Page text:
Infancy and Childhood Growth is more important, however, in terms of its affect on body size and health. Disruptions in the growth of children are the main cause of small adult body size. Human milk is relatively low in fat and protein content indicating frequent nursing and slow rates of postnatal growth. Breast-feeding infants is very beneficial for developing infants. Other feeding methods do not provide anti-infective agents that help in the development of the baby’s immune system. These agents include antibodies against specific bacteria and viruses white blood cells and proteins, fats, and carbohydrates that convey antimicrobial action. Bottle-fed infants have higher rates of illness and mortality than breast-fed infants. It can be “argued that breast milk is the nutritionally ideal food for infants because it is the food that has evolved to meet their needs. “ Breast-feeding is associated with lower risk of ear, respiratory and gastrointestinal infections sudden infant death syndrome asthma and reduced risk of obesity and diabetes in the children.

During the first few months of development, infant growth rates are consistent in poor and developed countries. However after the age of 4-6 months the growth rate in infants in disadvantaged circumstances decreases. By two years, there is a substantial different in height. The slowing of growth is referred to as growth faltering. By 5 years old, children in poor countries fall below the 25 th percentile for height. In rural Mali cultures young children are not encouraged to eat, and must fend for themselves. But in rural highland Peru children are given preferential treatment, and in times of food shortage are given food over adults. Growth faltering is not only nutritional but also caused by diseases. Children and infants exposed to pathogens may experience more growth faltering.

What did you think of the Mali cultures?

Adolescent Growth is less affected by environmental factors due to the fact that this period is characterized by slower growth rates. In some environments rapid maturation is necessary due to high mortality rates. Rapid maturation results in smaller adult body sized, but the individuals can reproduce at an earlier age. In these cultures there is a trade off between rapid maturation and small adult stature.

Catch-up Growth is a period of faster growth that follows a disruption. Turkana populations are initially below the 50 th percentile and sometimes lower than the 5 th percentile in height, but when they reach maturation they are on the normal standard. This can be explained by a longer growth period in these populations.

Is small body size an adaptation? It has been argued that when a human is exposed to low-nutrition environments they may cut their losses and remain smaller so that the resources that they have can go father. This would allow for more fit individuals that are smaller than their maximum potential.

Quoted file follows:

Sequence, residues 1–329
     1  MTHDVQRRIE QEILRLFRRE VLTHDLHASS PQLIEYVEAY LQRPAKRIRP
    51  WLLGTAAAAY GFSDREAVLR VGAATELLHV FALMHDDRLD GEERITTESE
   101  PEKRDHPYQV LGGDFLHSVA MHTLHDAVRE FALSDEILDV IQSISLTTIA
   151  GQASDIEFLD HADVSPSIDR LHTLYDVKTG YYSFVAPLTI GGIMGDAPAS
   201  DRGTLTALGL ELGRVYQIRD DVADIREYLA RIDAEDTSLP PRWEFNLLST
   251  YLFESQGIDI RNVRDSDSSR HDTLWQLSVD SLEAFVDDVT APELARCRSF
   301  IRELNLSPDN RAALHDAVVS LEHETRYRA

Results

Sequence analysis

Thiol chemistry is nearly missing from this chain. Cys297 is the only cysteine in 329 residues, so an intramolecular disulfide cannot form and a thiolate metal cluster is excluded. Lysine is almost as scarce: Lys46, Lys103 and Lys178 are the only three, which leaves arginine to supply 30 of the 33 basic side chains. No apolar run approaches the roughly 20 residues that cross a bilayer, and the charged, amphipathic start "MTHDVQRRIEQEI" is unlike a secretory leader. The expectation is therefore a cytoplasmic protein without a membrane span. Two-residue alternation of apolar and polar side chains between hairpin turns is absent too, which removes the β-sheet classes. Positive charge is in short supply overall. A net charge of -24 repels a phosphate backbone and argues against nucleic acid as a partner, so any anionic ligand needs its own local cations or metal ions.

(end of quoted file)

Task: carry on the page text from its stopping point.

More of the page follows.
Human height variation is a complex outcome of gene and environmental interactions. Narrowing down the cause of height to one factor is impossible, and when looking at height distributions you must take into account genetic history, environment, nutrition during development, social status, and cultural influences.


Evolution May Explain Why Men Are More Likely To Cheat

Studies routinely find that men are more likely to cheat on their partners, commit sexual misconduct, and act recklessly when it comes to sex. Why have men evolved to be more sexually impulsive, and can we learn to change our ways?

Couple getting married. Infidelity continues to be the one of leading causes of divorce. (Getty . [+] Images)

While 20% of men have reported having extramarital sex, only 13% of women report sharing this experience (and much of this behavior, on both sides, likely goes underreported). Women are also double as likely to experience some form of sexual violence over the course of their life. Such reprehensible behaviors may be the products of the evolutionary history behind the male sex drive.

Evolution, biology, and the platitude “boys will be boys” do not excuse poor and inconsiderate decision-making. But there are biological factors (as well as numerous cultural factors) that may make men more likely than women to act upon their sexual impulses. A stronger understanding of the origins behind this gender difference can help us address and prevent such shortcomings as our society continues to change.

For instance, the sexual pursuit area of men’s brains may be up to 2.5 times larger than that of females. Men report masturbating over twice as frequently as women , on average, with their primary motivation being insufficient sex. Upon reaching puberty, men begin to produce 25 times more testosterone (the male sex hormone).

Although this is obviously not true of all men , on average, a male’s brain is, evolutionarily, more primed towards sexual conquest.

The Birds And The Bees

The image of the male as the more promiscuous seems nearly universal in the animal kingdom, although there are some exceptions, such as the female pipefish which actively courts the male.

Toads engaged in intercourse (Getty Images)